Project Restart

Following the weekend defeat to Brighton, I made a mental list of the players that I think will definitely not be at Arsenal come January 2022. The age and contract profile of the current squad means it will turn over naturally very soon; but I hadn’t quite appreciated how many players that constituted.

By my reckoning, Mohamed Elneny, Sokratis, Henrikh Mkhitaryan, Dani Ceballos, Alex Lacazette, Mesut Ozil, Pierre Emerick Aubameyang, Ainsley Maitland-Niles and David Luiz certainly won’t be at the club for the 2022-23 season. In the ‘maybe’ pile I have Lucas Torreira, Rob Holding, Shkodran Mustafi (who, I think, might actually bag himself a new contract), Calum Chambers and Sead Kolasinac. You might even include Nicolas Pepe on that list.

A couple of years ago, Arsenal opted for a short-term strategy of buying late prime players in order to quickly get back into the Champions League and it has been a miserable failure. Not only has a hotch potch of a squad not been able to achieve that aim, the club have continually left big money on the table when their biggest assets have departed.

Arsenal didn’t make a single dime from the sales of Alexis Sanchez, Aaron Ramsey and Danny Welbeck, who left before their 30th birthdays. The eventual departure of Ozil won’t make Arsenal a penny either. The club is less guilty about Santi Cazorla’s contract running down, but four of those five players have been among Arsenal’s most influential of the last decade and their departures will not earn the club a solitary penny.

The decision to let Welbeck’s contract run down while the likes of Danny Ings and Christian Benteke were trading for big bucks is little short of embarrassing. Failure to get back into the Champions League has certainly hurt the club’s financial potential but so too has handing out silly contracts and allowing good players to leave for nothing.

Arsenal reported a £27m loss in their most recent accounts, in 2017-18 they turned a profit thanks solely to the sale of Alex Oxlade Chamberlain to Liverpool. The club made the reluctant decision to sell Alex Iwobi to Everton to finance the Pepe deal last summer. A lack of Champions League football becomes less of an issue when you sell well. I am certain that Mikel Arteta was appointed with a license to “rip it up and start again.”

Everything he has said so far suggests that he is willing to carry out that task. However, the clear out is the easy part. The contracts of Ozil, Aubameyang, Mustafi, Sokratis, Ceballos and Luiz will force those issues- Lacazette only has two years to run on his deal and an extension doesn’t seem like a mutually desirable outcome.

The problem for Arsenal is manifold. Firstly, the contract and age situations of the aforementioned players means the club can expect to receive a pittance with which to rebuild. In a pre-covid world, the sales of Aubameyang and Lacazette might have gone a long way to financing a new broom.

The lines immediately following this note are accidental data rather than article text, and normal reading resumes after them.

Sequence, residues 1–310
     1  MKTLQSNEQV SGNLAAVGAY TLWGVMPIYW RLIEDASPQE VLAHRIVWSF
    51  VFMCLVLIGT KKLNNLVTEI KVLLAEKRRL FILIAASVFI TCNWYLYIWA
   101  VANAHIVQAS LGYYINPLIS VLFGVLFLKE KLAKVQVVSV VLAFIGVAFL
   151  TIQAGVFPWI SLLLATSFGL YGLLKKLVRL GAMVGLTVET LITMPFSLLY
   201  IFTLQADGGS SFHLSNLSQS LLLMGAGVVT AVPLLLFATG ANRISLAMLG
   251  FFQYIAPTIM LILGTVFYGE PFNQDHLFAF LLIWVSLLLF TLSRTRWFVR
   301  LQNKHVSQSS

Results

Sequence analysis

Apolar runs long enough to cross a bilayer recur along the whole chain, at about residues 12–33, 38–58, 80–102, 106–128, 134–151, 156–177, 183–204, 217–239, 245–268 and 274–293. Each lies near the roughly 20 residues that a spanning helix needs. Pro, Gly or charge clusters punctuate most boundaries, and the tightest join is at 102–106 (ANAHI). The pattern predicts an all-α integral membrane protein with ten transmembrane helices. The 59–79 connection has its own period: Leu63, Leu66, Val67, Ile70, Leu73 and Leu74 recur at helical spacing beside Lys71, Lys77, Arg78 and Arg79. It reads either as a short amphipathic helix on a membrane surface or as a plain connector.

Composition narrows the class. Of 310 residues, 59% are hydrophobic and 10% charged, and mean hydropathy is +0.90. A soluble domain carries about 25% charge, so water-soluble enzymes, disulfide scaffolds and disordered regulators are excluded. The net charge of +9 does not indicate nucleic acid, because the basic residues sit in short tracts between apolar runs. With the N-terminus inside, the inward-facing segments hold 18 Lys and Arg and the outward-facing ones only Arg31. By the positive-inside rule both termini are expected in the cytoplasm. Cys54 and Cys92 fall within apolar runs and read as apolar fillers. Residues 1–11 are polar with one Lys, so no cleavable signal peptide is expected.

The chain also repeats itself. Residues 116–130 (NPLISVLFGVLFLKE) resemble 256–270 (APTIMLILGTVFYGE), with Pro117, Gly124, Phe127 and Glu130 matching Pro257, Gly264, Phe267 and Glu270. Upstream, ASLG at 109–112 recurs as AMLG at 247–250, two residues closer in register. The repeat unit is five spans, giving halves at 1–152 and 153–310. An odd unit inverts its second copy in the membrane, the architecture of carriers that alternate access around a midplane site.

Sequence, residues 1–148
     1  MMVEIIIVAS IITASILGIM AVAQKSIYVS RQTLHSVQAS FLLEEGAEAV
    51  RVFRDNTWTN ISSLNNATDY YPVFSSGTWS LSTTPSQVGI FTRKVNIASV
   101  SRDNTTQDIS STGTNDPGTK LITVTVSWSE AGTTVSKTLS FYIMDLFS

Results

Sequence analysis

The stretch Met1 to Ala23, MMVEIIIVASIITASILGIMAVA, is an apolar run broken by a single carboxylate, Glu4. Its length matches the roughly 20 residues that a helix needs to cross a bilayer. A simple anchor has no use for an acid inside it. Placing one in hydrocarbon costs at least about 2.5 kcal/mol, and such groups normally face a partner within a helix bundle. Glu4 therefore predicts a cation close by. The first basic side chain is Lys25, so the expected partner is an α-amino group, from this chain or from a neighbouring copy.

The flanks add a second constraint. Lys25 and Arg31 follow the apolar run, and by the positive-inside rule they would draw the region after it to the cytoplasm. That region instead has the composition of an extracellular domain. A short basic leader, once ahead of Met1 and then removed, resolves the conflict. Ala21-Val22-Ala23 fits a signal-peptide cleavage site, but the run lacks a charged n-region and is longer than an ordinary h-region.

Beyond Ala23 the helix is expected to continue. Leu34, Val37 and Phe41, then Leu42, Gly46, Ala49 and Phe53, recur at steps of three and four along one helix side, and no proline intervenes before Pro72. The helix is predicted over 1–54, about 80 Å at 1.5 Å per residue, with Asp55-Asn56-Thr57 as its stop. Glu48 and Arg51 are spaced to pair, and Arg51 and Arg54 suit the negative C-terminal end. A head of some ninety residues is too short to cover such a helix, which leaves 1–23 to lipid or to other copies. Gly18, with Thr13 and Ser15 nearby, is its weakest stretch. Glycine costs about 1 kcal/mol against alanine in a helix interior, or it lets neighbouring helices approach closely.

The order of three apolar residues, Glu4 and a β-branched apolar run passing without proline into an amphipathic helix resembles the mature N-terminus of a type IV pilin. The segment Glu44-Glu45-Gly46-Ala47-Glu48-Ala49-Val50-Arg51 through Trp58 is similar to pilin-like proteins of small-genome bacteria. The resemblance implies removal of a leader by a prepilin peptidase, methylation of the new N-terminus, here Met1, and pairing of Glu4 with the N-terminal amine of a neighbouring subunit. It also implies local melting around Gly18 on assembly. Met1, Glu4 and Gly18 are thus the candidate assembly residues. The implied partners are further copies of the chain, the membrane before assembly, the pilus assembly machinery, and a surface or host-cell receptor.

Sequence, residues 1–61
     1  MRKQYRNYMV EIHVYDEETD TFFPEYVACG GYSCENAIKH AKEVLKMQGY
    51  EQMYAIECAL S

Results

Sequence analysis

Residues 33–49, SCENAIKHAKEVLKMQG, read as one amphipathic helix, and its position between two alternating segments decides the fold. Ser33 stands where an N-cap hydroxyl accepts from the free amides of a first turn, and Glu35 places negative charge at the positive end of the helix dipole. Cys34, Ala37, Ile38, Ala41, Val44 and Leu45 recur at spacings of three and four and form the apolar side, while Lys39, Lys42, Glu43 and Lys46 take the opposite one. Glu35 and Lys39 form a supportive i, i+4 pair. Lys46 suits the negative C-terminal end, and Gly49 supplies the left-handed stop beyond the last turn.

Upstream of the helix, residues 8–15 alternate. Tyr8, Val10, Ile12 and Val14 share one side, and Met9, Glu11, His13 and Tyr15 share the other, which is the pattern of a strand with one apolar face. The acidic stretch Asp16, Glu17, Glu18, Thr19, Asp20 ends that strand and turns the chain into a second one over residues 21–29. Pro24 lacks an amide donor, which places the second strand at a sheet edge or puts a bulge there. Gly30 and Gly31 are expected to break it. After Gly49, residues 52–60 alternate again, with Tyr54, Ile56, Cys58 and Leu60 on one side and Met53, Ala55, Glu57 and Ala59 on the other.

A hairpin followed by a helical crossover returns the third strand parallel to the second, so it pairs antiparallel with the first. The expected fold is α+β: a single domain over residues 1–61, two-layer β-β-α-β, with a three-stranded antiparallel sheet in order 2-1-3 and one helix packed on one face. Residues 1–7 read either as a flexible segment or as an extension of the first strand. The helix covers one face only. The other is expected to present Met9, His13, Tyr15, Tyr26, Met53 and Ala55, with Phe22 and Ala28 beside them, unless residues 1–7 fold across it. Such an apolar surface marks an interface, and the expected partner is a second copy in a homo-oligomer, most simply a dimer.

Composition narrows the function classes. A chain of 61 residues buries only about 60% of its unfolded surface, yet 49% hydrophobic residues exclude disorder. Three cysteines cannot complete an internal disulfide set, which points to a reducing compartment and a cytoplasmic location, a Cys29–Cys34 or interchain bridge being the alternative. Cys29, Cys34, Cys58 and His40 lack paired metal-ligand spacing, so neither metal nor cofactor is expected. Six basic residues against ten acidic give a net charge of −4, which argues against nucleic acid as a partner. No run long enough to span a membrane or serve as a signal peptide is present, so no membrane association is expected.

I guess one positive of the current situation is that Aubameyang might decide that he can’t even countenance sticking around for another year and running down his deal and leaving on a free! Arsenal won’t expect the departures of some of those players to generate much cash, which means they are probably going to have to sell more marketable players (one or more of Bellerin, Guendouzi, Torreira).

The British premium might rescue them a little if they decide to move Holding, Chambers and Maitland-Niles on. They will still be dealing in a relative shoestring to replace the outgoing squad members. One of the big issues is that it’s the spine of the team that will require the most attention and those players don’t come cheap.

The squad has a collection of ‘exterior’ players- Saka, Martinelli, Nelson, even Pepe. Arsenal would probably be happy enough with Bellerin and Tierney as full-backs. Centre-half, central midfield and centre-forward are all bigger issues. Likewise, someone who can link midfield to attack in the absence of Mesut Ozil is an issue Mikel Arteta is already toiling with in the first two games since the restart.

Replacing the goals of Pierre Emerick Aubameyang will also be a tough ask. This is where Arsenal will have to be smart in their talent identification and prioritise balance. For instance, Saka, Martinelli and Pepe might prove to be a nicely balanced front three- I’m not saying I definitely think it will, but the club is certainly in “better than the sum of its parts” territory.

Knocking the house down is the easy part for Arsenal. Even with no plan of action, key contracts mean it will just crumble by itself soon enough. Given the team’s current form very few supporters wouldn’t get behind a scorched earth policy. How it is put back together again is how Arteta and those above him will ultimately be judged.

Sanllehi, Edu and co can just about preach plausible deniability on the Ramsey, Sanchez and Ozil situations. Those were situations that were partially inherited. Ivan Gazidis and Sven Mislintat were in place when decisions were taken to bring Aubameyang and Mkhitaryan into the club and to award Ozil a bumper new contract.

How this squad is ultimately deconstructed and reconstructed is all on them. That obviously goes for Arteta too, but he ought to consider this a challenge. Ultimately, if Arsenal were in a healthy situation with a solid recent history of good decisions, he wouldn’t have been given the job in the first place. Crisis is the midwife to opportunity.

This is his opportunity to try to mould the squad in his own image, so while he has walked into a bin fire at Arsenal, most of the debris will be swept away soon enough. The reality is that we’re probably going to have to be patient over the next 12-18 months as it is slowly rebuilt and Arteta will need the executives above him to bring their absolute A-game so that Arsenal can identify and fund fresh talent. Feel better now?

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